Six actions G20 countries must take to grow the economy inclusively

Posted on in Policy Context

TheGlobe and Mail.com – ROB/Commentary
Nov. 14, 2015.   Bruce Moore

Bruce Moore is a Civil 20 delegate, former United Nations diplomat and Canadian NGO executive director.

Since the global financial crisis, G20 economies have focused on regaining high rates of growth. Unfortunately, growth is indiscriminate in determining who benefits.

The 2008 Growth Report from the Commission on Growth and Development concluded that with growth, there is a natural tendency for income gaps to widen. Over the ensuing seven years, the benefits of growth have been flowing up. Just as the superrich are becoming increasingly conservative, growing numbers of others are becoming increasingly reactionary. After all, who wants to conserve stagnant incomes, inequality and rising levels of poverty? Mounting civic unrest portends that social cohesion is approaching its tipping point.

According to the Civil 20 (the formal Group of 20 link to civil society), not all growth is good growth for development. The Civil 20 communiqué, approved by the C20 Istanbul Summit in September, states that “in order to be inclusive, growth must target poverty and inequality and benefit the whole of society, including the most excluded groups. Furthermore, the excluded must actively participate not only in the growth process, but also in determining the policies that will best foster ‘their’ growth.”

That communiqué was the culmination of an 18-month consultation with more than 5,000 individuals from 91 countries, involving 500 non-government organizations. G20 leaders will hopefully use this baseline logic when discussing growth at their summit this week in Antalya, Turkey. Otherwise, robust growth may become a proxy for inclusive growth.

Inclusive growth means investing where low-income people currently work, in micro, small and medium enterprises, in the informal and formal sectors. G20 countries provide significant financial incentives to a narrow band of transnational corporations, agribusinesses and extractive resource industries. Increasing size of the economy requires admitting these other actors to a similar club through investments to increase their scale, expand their value chain and reach larger domestic and global markets.

Inclusivity includes rural communities. Every dollar invested in agriculture has, on average, a $3 multiplier effect in the wider economy. Adding value beyond the farm gate and supporting the non-farm sector adds jobs, protects the agricultural base and contributes to food security.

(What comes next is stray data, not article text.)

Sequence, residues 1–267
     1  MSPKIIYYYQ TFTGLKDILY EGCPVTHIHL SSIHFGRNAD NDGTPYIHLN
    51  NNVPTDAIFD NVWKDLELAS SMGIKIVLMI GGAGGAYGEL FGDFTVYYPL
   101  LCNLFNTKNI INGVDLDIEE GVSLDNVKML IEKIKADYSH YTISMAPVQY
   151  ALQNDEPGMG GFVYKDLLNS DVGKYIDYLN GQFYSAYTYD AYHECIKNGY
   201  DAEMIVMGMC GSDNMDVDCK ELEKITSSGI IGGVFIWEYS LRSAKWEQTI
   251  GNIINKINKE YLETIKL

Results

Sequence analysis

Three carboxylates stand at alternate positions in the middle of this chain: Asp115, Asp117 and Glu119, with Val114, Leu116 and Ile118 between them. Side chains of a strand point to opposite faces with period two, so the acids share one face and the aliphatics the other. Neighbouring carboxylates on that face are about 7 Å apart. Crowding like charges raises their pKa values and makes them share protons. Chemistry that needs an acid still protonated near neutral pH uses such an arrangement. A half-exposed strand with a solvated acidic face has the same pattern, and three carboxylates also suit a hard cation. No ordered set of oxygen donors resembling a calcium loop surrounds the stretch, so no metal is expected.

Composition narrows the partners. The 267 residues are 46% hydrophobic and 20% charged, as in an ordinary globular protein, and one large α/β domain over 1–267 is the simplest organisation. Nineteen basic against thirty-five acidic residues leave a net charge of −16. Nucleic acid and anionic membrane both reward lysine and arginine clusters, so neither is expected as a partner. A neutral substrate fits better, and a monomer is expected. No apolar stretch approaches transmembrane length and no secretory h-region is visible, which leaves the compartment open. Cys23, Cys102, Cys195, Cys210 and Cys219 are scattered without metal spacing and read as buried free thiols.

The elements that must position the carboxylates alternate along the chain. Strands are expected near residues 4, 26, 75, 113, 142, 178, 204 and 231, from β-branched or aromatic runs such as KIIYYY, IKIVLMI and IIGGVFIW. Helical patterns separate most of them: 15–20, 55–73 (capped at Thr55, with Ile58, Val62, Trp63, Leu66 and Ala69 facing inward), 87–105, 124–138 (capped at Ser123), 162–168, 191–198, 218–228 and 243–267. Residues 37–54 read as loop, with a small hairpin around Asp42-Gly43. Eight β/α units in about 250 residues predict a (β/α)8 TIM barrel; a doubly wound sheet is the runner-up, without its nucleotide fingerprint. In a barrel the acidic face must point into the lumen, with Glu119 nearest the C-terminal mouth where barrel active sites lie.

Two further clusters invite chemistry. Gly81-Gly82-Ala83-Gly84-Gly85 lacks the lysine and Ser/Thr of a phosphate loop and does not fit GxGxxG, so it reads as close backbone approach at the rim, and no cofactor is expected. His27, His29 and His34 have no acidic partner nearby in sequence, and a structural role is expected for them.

To be good for development, growth strategies need to apply rights-based approaches aligned to the International Labour Organization’s “decent work agenda” to provide more, better-paid and safer jobs.
History has shown that government-led development without active participation by target populations, and civil society-led strategies without enabling government legislation, have both failed. Civil society, defined by the United Nations as the “third sector” of society, outside of government and business, and which includes non-government, not-for-profit and voluntary organizations, can help to identify the forms of growth, appropriate to the needs and skills of excluded peoples, and participatory structures for implementing an inclusive agenda, which will also help restore the social cohesion that is currently under mounting stress.

The funding challenges for governments are classical. While the goal of inclusive growth is to reduce poverty and eliminate exclusion, the public and private institutions in positions to effect change are controlled by the powerful non-poor and corporate power brokers.

If we are to grow inclusively, the G20 member countries must:

– Combat tax havens;
– Enforce the corruption of foreign officials act;
– Prevent transfer pricing;
– Ensure that royalty payments are transparent;
– Require that impact-benefit agreements underpin business licensing; and
– Fairly tax corporations in the countries where their activities take place and value is created.

As the world comes to realize that at least $1-trillion (U.S.) is lost annually to these and other forms of corruption, governments will lose their legitimacy if they fail to close the loopholes and enact preventative legislation. Put another way, the funds needed to implement inclusive growth are available.

Inclusive growth is a call for a more equitable distribution of wealth, for access by the excluded to productive resources, for participation by the “poor” in decisions that affect their daily lives and for the reform of macroeconomic policies that contribute to inequality. If this sounds familiar, it may suggest that governments are not complying with international agreements to which they are signatory parties.

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